• Asking your dentist about sealant applications to protect your child’s teeth-chewing surfaces and about bottle tooth decay, which occurs when teeth are frequently exposed to sugared liquids.

Teething

Normally the first tooth erupts between ages 6 to 12 months.  Gums are sore, tender and sometimes irritable until the age of 3.  Rubbing sore gums gently with a clean finger, the back of a cold spoon or a cold wet cloth helps soothe the gums.  Teething rings work well, but avoid teething biscuits--they contain sugar that is not good for baby teeth.
While your baby is teething, it is important to monitor the teeth for signs of baby bottle decay.  Examine the teeth, especially on the inside or the tongue side, every two weeks for dull spots (whiter than the tooth surface) or lines.  A bottle containing anything other than water and left in an infant’s mouth while sleeping can cause decay.  This happens because sugar in the liquid mixes with bacteria in dental plaque, forming acids that attack the tooth enamel.  Each time a child drinks liquids containing sugar, acids attack the teeth for about 20 minutes.  When awake, saliva carries away the liquid.  During sleep, the saliva flow significantly decreases and liquids pool around the child’s teeth for long periods, covering the teeth in acids.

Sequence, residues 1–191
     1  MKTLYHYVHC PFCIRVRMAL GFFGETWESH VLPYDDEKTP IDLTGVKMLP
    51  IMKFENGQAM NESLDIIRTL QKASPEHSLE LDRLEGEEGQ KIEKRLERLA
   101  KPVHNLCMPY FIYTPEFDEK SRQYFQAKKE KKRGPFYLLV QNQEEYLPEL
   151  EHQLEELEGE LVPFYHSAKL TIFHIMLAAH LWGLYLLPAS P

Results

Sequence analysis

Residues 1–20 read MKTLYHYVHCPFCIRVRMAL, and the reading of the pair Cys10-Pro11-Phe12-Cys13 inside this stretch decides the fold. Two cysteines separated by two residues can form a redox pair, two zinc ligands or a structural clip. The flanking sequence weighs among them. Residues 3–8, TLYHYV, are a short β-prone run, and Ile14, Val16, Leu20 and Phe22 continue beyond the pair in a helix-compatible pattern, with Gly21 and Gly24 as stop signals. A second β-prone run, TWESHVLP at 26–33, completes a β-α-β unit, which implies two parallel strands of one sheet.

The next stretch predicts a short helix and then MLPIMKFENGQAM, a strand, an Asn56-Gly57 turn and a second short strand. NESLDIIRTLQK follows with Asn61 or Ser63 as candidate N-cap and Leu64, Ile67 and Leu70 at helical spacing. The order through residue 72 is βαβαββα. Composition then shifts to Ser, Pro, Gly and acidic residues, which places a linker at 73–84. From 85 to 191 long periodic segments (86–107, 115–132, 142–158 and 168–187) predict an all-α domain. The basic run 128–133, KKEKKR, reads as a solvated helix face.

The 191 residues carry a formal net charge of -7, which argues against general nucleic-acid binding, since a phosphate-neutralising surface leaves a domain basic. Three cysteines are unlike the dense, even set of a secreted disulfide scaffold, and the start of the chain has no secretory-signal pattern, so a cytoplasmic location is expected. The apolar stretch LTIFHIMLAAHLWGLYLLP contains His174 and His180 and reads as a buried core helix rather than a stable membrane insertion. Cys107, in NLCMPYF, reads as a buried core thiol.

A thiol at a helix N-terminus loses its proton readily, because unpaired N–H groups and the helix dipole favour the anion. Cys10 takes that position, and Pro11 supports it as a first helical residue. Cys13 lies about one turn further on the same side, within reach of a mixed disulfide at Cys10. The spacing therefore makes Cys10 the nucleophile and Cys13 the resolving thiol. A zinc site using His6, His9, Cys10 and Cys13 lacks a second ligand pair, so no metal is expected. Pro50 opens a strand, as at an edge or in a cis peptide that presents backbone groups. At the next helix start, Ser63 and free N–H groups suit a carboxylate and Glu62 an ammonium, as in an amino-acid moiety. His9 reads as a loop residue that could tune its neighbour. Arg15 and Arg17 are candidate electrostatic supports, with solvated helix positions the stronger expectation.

Infant’s New Teeth

The primary or “baby” teeth play a crucial role in dental development.  Without them, a child cannot chew food properly and has difficulty speaking clearly.  Primary teeth are vital to development of the jaws and for guiding the permanent (secondary) teeth into place when they replace the primary teeth around age 6.
Since primary teeth guide the permanent teeth into place, infants with missing primary teeth or infants who prematurely lose primary teeth may require a space maintainer, a device used to hold the natural space open.  Without a maintainer, the teeth can tilt toward the empty space and cause permanent teeth to come in crooked.  Missing teeth should always be mentioned to your dentist.  The way you care for your child’s primary teeth plays a critical role in how he/she treats the permanent teeth.  Children and adults are equally susceptible to plaque and gum problems--hence, the need for regular care and dental checkups.